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Local first responders describe effects of national cellular outages

Cell phone
S Junker

Tens of thousands of people struggled with cellular outages today. And for some AT&T customers, the outage made it impossible to make or receive calls, including to 9-1-1.

The outages began around 4 a.m. and peaked at around 74,000 reported incidents, according to the digital tracking site, Downdetector.

On Cape Cod, Hyannis Fire Chief Peter Burke said he heard a few anecdotal reports about locals who saw “SOS” messages displayed on the status bar of their phones and couldn’t reach emergency responders.

But, he said, “it appears the Cape was not necessarily as hard hit as other areas. We heard some of the more urban areas were more affected by the outage.”

Still, first responders had to monitor their own devices throughout the day.

“We do use things like mobile data terminals that help us understand the type of emergency we’re going to and where it’s physically located. And law enforcement —  they use mobile data terminals to run drivers licenses and registrations on vehicles, and things of that nature. So a lot of connectivity is how we do our jobs effectively,” he said.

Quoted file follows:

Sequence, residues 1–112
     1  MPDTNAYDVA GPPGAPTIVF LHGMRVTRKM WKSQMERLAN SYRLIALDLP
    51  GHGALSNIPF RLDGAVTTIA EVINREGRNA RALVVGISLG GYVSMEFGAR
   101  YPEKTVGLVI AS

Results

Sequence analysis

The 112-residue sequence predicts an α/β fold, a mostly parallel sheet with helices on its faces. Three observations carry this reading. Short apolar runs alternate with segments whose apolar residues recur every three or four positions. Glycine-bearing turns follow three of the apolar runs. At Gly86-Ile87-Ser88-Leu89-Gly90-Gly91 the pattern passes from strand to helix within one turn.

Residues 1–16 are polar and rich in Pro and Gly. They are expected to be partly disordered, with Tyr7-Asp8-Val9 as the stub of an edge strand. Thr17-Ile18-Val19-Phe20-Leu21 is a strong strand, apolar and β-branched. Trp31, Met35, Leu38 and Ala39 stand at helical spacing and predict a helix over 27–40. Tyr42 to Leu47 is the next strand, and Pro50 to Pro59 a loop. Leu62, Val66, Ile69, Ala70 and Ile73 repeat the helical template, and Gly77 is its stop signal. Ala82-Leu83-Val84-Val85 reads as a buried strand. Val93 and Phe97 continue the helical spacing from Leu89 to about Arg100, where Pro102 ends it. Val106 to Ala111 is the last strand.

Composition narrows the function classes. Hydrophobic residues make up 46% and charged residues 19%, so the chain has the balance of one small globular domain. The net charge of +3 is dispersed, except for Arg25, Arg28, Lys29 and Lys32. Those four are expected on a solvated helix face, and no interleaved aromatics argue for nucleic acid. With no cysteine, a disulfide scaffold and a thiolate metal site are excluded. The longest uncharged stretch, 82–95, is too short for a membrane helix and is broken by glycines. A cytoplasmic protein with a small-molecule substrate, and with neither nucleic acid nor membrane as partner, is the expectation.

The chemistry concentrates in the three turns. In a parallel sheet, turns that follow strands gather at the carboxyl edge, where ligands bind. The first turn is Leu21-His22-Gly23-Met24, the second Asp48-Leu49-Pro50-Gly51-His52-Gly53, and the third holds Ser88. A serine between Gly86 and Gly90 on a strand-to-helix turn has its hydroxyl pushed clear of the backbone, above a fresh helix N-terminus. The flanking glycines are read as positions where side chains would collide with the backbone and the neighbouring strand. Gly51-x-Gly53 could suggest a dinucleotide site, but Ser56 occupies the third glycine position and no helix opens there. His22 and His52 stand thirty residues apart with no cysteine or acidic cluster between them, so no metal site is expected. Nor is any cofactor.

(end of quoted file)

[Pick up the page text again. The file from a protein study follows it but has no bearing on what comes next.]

He added, “But we track things like, ‘Are there critical systems that do rely on a cell phone connection, and if so, what do we have in place for a redundancy standpoint to make sure that we can continue to function?’”  

Ultimately, Burke said, the Hyannis Fire Department had trouble with just two of 50 connected devices.

Verizon and T-Mobile customers reported some network outages, too, but they appeared far less widespread. It wasn’t immediately clear what caused the outages.

Overall, Burke said, in a world where we increasingly rely on cell connection, this outage event should prompt questions.

“Do you have cell phones in more than one carrier?" he said. "Do you try to maintain a landline in event of emergency? Do you try to have good relationship with your neighbors, so if something happens to you, you can knock on your neighbor's door and ask for help?”

Eve Zuckoff covers the environment and human impacts of climate change for CAI.